Treating minor burns. Ice, grease, or what?

Linda Phillips, M. C. Robson, J. P. Heggers

Research output: Contribution to journalArticle

2 Citations (Scopus)

Abstract

Minor burns are common but require early and appropriate care to avoid infection and scarring. Damage can be arrested by immersing the burn in cold water as soon as possible. The goals of care are then to remove dead tissue and protect viable tissue during healing. Very superficial burns require only application of an emollient to limit inflammation and pain and prevent desiccation. Partial-thickness burns that are clean and superficial may benefit from use of a biosynthetic bilaminar membrane dressing, which forms a skin substitute while protecting the wound. A patient with an infected wound or one on a primary area (hands, feet, face, or perineum) may have to be hospitalized to ensure proper care.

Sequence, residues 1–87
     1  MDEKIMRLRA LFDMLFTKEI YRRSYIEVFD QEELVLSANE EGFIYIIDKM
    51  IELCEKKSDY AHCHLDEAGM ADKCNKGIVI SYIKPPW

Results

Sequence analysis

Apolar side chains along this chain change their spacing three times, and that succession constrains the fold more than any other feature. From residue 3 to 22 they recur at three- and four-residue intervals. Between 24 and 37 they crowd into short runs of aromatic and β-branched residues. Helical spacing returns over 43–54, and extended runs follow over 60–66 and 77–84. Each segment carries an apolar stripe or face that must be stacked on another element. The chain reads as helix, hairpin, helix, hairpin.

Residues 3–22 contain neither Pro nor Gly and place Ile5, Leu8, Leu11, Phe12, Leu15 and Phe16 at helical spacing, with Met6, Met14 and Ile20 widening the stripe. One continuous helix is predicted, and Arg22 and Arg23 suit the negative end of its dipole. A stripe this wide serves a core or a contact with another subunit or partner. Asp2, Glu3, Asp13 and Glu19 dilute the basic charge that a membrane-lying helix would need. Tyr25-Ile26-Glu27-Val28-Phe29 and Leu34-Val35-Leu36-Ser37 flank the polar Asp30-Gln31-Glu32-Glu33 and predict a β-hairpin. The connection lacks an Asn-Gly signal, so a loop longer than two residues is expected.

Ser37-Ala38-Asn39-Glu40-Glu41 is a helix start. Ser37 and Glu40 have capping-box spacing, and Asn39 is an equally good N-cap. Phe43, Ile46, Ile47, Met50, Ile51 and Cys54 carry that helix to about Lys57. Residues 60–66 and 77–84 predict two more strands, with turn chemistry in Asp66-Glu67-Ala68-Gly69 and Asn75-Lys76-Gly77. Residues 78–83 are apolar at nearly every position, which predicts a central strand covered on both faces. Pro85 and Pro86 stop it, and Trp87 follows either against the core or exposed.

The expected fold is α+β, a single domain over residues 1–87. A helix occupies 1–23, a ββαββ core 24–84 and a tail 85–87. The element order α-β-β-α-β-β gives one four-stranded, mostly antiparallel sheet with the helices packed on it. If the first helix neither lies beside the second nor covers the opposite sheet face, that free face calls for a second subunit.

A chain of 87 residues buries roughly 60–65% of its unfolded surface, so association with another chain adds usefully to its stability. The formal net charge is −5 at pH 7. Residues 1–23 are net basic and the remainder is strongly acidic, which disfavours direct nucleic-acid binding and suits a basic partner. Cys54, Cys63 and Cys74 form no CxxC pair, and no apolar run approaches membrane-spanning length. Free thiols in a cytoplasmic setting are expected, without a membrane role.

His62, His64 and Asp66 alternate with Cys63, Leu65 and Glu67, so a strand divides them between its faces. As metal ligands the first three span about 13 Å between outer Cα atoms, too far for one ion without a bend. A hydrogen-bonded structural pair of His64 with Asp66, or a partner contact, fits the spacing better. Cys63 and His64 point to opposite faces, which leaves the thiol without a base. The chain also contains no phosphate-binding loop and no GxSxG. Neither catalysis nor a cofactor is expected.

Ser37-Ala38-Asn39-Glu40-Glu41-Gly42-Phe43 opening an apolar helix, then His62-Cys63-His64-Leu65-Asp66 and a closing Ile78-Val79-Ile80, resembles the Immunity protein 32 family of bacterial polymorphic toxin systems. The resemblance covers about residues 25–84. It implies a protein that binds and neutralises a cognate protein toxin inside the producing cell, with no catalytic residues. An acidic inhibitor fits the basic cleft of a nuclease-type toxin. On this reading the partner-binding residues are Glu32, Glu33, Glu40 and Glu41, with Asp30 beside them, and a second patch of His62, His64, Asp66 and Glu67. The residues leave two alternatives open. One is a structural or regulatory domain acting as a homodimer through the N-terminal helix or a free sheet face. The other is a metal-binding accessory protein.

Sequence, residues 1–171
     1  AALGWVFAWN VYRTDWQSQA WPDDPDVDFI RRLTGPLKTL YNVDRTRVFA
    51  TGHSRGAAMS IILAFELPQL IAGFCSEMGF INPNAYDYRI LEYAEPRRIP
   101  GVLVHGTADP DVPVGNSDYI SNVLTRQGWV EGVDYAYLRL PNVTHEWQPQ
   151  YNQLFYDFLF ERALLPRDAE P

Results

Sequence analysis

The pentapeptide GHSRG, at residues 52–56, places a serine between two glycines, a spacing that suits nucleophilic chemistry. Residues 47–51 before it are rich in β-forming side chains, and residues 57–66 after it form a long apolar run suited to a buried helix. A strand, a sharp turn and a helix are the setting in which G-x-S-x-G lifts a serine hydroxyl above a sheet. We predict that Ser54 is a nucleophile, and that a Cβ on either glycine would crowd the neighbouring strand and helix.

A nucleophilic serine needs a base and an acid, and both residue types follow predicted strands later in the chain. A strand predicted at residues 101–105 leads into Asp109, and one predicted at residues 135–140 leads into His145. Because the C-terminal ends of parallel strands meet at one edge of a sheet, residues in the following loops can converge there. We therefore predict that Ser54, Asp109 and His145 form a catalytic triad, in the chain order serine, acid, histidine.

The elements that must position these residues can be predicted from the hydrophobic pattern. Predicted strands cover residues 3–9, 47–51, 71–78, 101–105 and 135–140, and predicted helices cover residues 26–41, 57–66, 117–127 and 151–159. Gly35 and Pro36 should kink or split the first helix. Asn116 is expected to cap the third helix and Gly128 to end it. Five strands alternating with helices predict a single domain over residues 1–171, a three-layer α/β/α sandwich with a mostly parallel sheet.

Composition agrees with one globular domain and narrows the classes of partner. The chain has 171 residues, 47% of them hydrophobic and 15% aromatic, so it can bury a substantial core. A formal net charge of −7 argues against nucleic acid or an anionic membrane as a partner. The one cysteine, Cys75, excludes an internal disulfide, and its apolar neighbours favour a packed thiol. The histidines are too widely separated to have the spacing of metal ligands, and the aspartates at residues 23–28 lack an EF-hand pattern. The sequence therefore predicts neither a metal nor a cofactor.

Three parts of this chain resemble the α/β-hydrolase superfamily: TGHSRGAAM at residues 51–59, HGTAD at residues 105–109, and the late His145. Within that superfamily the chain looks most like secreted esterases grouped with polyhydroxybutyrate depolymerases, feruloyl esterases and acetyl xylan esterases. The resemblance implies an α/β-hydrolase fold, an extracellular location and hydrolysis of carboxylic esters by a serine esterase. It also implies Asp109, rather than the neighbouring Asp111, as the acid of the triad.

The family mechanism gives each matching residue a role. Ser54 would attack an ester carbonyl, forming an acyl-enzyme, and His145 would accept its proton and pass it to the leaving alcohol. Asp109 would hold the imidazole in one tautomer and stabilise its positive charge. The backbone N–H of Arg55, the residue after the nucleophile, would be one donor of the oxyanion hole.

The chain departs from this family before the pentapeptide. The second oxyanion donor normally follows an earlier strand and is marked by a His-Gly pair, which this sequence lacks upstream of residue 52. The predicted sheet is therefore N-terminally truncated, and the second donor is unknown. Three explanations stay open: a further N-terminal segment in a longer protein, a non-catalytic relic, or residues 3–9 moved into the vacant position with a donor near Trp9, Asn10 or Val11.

Original languageEnglish (US)
Pages (from-to)219-231
Number of pages13
JournalPostgraduate Medicine
Volume85
Issue number1
StatePublished - 1989

Fingerprint

Ice
Burns
Emollients
Artificial Skin
Patient Care Planning
Perineum
Desiccation
Wounds and Injuries
Bandages
Cicatrix
Foot
Hand
Inflammation
Pain
Membranes
Water
Infection

ASJC Scopus subject areas

  • Medicine(all)

Cite this

Phillips, L., Robson, M. C., & Heggers, J. P. (1989). Treating minor burns. Ice, grease, or what? Postgraduate Medicine, 85(1), 219-231.

Treating minor burns. Ice, grease, or what? / Phillips, Linda; Robson, M. C.; Heggers, J. P.

In: Postgraduate Medicine, Vol. 85, No. 1, 1989, p. 219-231.

Research output: Contribution to journalArticle

Phillips, L, Robson, MC & Heggers, JP 1989, 'Treating minor burns. Ice, grease, or what?', Postgraduate Medicine, vol. 85, no. 1, pp. 219-231.
Phillips, Linda ; Robson, M. C. ; Heggers, J. P. / Treating minor burns. Ice, grease, or what?. In: Postgraduate Medicine. 1989 ; Vol. 85, No. 1. pp. 219-231.
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